That idea that art is not really about some truth, but it’s about some lie being foisted on the public. There’s a debunking quality to it. This seems genuine and honest. But abstract art and modern art in general are a kind of racket, a put on.
I don’t think I would ever allow someone to come in and dissect us again.
“Do you ever wonder why I came up here?” asks Amir Bar-Lev. He’s speaking to Marla Olmstead, blond, sweet-faced, and four years old. And she knows exactly why he came: “Because my paintings are cool.”
This first exchange in My Kid Could Paint That succinctly lays out what’s at issue in the film and in Marla’s , namely, Marla’s work and self-image, as these are imbricated in an interlocking web of fame, art, and value. The fact that Marla even has work at the age of four is exactly what makes it “cool.” In 2004, when Marla’s paintings appeared in a gallery in her hometown of Binghamton, New York, word spread quickly. Abstract and colorful, swirling with seeming passion and inviting interpretation, the work caught the attention of a local journalist, Elizabeth Cohen. Her story inspired a piece in the New York Times. And then the Olmsteads’ lives changed.
Cohen says here that she cautioned Marla’s parents, asked them if they were sure they wanted to “go through with this.” And they did, then, not anticipating the chaos that came. As Marla’s renown expanded, Laura, a dental assistant, worked to maintain her daughter’s “ordinary” childhood (“I don’t want people to expect anything from her you wouldn’t expect from another four-year-old”), while Mark, amateur painter and night manager at a Frito Lay factory, began managing the career (“Mark deals with it a lot better,” says Laura, “he doesn’t see any bad side to it at all”). This developed exponentially: interviews with Inside Edition and Jane Pauley, limos and expensive hotels, gallery shows and increasing attention from enthusiastic collectors (“That’s what it was like to be child, so innocent!”).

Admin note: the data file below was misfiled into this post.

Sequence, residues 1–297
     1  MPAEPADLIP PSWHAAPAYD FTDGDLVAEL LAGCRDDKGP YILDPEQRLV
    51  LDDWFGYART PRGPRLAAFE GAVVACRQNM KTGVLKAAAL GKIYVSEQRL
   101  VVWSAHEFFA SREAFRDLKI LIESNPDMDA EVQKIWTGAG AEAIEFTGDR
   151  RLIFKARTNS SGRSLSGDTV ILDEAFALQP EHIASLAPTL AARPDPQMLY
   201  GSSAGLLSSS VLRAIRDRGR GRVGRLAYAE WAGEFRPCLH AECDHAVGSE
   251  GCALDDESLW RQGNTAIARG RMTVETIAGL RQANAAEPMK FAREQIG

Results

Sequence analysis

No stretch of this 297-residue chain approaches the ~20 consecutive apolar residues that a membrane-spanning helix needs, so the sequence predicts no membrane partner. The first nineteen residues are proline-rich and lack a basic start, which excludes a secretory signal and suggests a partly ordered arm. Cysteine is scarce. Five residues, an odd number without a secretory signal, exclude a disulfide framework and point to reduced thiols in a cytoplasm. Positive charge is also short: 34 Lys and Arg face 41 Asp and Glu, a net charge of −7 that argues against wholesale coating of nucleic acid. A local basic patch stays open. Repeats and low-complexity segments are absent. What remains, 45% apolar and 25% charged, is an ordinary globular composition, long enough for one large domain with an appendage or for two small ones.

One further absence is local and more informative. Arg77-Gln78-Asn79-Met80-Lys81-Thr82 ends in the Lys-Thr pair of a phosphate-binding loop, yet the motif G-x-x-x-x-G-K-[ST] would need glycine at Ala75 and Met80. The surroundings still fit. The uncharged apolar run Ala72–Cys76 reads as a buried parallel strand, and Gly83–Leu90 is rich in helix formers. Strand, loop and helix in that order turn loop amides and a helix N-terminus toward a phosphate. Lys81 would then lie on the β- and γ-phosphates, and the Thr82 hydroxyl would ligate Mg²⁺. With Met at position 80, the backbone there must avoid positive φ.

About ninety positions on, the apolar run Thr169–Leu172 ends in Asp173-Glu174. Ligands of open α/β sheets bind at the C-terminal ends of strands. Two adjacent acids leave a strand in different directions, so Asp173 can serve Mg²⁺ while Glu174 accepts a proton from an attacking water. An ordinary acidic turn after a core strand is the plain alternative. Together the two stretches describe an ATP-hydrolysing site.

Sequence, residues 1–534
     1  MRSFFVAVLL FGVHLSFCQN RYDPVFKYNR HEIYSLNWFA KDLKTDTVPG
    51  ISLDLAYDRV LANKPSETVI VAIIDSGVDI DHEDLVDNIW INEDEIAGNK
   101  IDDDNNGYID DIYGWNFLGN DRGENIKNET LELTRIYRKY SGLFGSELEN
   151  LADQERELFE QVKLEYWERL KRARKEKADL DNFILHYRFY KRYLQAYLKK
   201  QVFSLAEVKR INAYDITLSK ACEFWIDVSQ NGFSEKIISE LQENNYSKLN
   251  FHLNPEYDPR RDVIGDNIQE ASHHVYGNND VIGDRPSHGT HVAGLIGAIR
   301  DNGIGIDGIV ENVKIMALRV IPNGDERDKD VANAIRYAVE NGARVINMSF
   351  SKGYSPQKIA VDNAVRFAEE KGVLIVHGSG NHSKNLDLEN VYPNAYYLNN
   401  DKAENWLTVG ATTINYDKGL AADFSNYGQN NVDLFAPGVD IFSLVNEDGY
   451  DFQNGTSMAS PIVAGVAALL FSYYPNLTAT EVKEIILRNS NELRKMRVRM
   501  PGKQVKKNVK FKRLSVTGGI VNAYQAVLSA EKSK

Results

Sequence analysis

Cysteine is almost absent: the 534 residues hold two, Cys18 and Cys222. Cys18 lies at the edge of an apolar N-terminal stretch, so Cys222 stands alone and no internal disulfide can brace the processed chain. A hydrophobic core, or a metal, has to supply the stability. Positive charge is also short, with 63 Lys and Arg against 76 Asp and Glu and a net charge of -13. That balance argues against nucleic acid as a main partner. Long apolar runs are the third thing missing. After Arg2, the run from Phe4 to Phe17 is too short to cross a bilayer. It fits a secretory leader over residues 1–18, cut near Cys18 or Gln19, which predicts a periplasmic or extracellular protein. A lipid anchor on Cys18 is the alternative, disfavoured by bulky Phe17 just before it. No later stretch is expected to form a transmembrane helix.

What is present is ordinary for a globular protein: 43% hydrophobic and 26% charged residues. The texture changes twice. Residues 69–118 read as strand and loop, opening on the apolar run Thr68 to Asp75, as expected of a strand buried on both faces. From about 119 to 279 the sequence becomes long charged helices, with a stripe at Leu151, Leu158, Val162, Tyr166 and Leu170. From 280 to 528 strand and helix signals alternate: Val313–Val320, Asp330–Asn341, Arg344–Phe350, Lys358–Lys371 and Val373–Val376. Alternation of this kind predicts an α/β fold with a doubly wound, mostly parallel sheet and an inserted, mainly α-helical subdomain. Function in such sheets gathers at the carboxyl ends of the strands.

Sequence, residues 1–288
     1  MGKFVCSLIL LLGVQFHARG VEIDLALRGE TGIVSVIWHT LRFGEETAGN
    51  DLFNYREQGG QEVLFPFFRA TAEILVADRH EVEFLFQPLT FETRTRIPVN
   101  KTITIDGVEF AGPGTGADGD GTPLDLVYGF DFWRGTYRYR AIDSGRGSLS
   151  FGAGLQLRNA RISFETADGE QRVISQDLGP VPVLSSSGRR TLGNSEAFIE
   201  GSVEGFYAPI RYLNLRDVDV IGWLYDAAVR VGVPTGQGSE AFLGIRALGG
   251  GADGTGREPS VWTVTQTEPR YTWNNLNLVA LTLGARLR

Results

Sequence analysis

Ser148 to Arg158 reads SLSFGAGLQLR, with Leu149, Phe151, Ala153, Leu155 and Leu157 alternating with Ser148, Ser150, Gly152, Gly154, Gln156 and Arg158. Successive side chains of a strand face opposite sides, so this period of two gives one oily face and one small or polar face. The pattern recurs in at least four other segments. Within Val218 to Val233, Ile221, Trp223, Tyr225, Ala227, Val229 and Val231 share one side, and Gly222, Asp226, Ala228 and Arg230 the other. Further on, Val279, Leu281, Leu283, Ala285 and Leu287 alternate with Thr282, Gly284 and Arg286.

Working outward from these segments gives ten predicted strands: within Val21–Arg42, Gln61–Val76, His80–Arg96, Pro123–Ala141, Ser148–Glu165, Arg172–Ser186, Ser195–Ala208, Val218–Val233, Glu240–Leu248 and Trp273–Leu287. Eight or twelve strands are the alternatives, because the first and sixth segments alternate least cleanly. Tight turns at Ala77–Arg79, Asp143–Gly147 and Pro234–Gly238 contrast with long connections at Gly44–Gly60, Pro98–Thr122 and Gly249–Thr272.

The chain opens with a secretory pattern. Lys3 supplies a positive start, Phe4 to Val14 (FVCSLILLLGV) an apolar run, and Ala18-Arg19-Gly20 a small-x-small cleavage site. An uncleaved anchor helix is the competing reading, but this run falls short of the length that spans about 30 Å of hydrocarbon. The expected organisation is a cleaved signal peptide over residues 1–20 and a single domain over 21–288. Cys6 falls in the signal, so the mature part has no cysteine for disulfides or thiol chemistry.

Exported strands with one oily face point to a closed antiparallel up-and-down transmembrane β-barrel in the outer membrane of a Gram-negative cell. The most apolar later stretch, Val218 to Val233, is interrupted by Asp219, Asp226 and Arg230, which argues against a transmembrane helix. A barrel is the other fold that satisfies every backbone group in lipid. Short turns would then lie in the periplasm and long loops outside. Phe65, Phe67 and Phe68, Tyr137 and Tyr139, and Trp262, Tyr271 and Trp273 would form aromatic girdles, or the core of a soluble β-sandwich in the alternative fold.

Observing the family riding in limos and attending gallery openings, My Kid initially seems focused on the question Marla’s work raises for art as a social and business practice. Her parents aver that her painting is “maybe one of the only times you see her release herself.” This “self-expression” is remarkable, of course, reconfirming the appeal of the prodigy, or, as Cohen puts it, a “child masquerading as an adult in her paintings.” At the same time, the work offers a rebuke to the impenetrable and alienating world of “modern art.” As gallery owner Tony Brunelli says, “When I came across Marla’s work, it was like a gift from God. Suddenly, I’ve got an in to this world that I’ve never understood. The Times’ Michael Kimmelman puts it another way: in Marla’s work, there is “no cynicism, no irony. There’s no ‘Fuck you’ in this picture.”